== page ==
Typically, these shares are held by founders or company executives. Their stock may have outsize voting rights and may also have restrictions on the ability to sell the shares. Executive shares usually do not trade on the public markets.

Advisory shares

Often offered to advisors or large investors of a company, these shares may have preferred rights and do not trade on public markets.
Recommended: Shares vs. Stocks: Differences to Know

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What Are Class A Shares?

While the specific attributes of Class A shares depend on the company, they generally come with more voting power and a higher priority for dividends and profit in the event of liquidation. Class A shares may be more expensive than Class B shares, or may not be available to the general public.

Many companies can have different stock tiers that trade at different prices. For instance, Company X may have Class A stock that regularly trades at hundreds of thousands of dollars while its Class B stock may trade for hundreds of dollars per share. Class B stockholders may also only have a small percentage of the vote that a Class A stockholder has. And while Class A stockholders might be able to convert their shares into Class B shares, a Class B shareholder may not be able to convert their shares into Class A shares.

Many of the tech companies that have gone public in recent years have also used a dual-share class system.

In some cases, shareholders are not allowed to trade their Class A shares, so they have a conversion that allows the owner to convert them into Class B, which they can sell or trade. Executives may also be able to sell their shares in a secondary offering, following the IPO.

💡 Quick Tip: Distributing your money across a range of assets — also known as diversification — can be beneficial for long-term investors. When you put your eggs in many baskets, it may be beneficial if a single asset class goes down.

What Are Class B Shares?

Often companies refer to their Class B shares as “common shares” or “ordinary shares,” (But occasionally, companies flip the definition and have Class A shares designated as common shares and Class B shares as founder and executive shares). Investors can buy and sell common shares on a public stock exchange, where, typically, one share equals one vote. Class B shares carry no preferential treatment when it comes to dividing profits or dividends.

What Are Class C Shares?

Some companies also offer Class C shares, which they may give to employees as part of their compensation package. These shares may have specific restrictions, such as an inability to trade the shares.

Class C shares also may also refer to alternate share classes available to public investors. Often priced lower than Class A shares and with restrictions on voting rights, these shares may be more accessible to larger groups of investors. But this is not always the case. For example, Alphabet has Class A and Class C shares. Both tend to trade at similar prices.

The difference between Class C and common stock shares can be subtle. It’s important to note that these stock classes vary depending on the company. So doing research and understanding exactly which type of shares you’re buying is key before you commit to purchasing a certain class of stock.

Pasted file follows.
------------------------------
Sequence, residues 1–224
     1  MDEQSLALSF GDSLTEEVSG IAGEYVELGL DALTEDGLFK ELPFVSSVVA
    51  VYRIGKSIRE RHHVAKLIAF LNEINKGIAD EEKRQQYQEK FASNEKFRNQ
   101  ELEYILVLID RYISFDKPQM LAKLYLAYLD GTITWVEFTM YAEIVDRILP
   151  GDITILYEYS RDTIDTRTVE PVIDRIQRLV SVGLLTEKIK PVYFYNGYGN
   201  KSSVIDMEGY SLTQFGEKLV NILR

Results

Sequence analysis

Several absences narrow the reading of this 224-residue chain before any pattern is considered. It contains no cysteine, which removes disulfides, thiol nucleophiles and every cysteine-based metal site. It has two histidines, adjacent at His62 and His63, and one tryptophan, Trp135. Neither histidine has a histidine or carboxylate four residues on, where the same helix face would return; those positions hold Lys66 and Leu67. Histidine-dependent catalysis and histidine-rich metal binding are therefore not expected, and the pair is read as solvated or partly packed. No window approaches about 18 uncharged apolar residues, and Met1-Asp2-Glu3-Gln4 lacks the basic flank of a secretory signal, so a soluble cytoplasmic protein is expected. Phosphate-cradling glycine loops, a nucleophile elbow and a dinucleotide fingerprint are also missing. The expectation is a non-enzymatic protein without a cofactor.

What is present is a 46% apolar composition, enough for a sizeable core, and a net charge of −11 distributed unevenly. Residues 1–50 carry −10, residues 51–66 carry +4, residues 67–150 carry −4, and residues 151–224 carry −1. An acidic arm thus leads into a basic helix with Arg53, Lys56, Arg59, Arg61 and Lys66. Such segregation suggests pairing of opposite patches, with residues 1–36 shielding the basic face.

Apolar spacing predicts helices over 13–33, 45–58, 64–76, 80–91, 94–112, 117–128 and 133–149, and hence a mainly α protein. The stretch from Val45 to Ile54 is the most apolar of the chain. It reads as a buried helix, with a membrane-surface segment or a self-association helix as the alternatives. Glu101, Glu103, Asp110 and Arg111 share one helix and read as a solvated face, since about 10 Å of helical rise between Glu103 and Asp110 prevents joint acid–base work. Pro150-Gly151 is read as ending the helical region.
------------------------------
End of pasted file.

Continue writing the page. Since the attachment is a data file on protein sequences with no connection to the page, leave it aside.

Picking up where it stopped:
Recommended: Investing for Beginners: Basic Strategies to Know

Class A vs Class B vs Class C Shares, Explained | SoFi (2)

What Are Dual Class Shares?

Companies that offer more than one class of shares have “dual class shares.” This is a fairly common practice, and some companies offer dual class shares that automatically convert to a common share with voting privilege at a set period of time.

These may be startups who go public through IPO and do not want public investors to have a say in the company’s decision-making. There has been controversy about companies offering two share classes of stock to the public, with detractors concerned that multiple share classes may lead to governance issues, such as reduced accountability. But others argue that multiple share classes can be an asset for a public company, leading to improved performance.

The Takeaway

Class A, Class B, and Class C shares have different voting rights and different levels of access to distributions and dividends. It can be difficult to determine which investment class is the best option for you if you’re deciding to invest in a public company that offers multiple share classes. Beyond market price, understanding how the stock will function in your overall portfolio as well as your personal investing philosophy can help guide you choose the best share class for you.

For example, investors who may be looking for shorter-term investments may choose a stock class without voting privileges. Other investors who want to be active in corporate governance may prefer share classes that come with voting rights. And some investors may be looking for stocks that provide guaranteed dividends, which may guide their decision toward one class of shares.

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You may also be interested in:

Examining the Different Types of Stocks

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Class A vs Class B vs Class C Shares, Explained | SoFi (2024)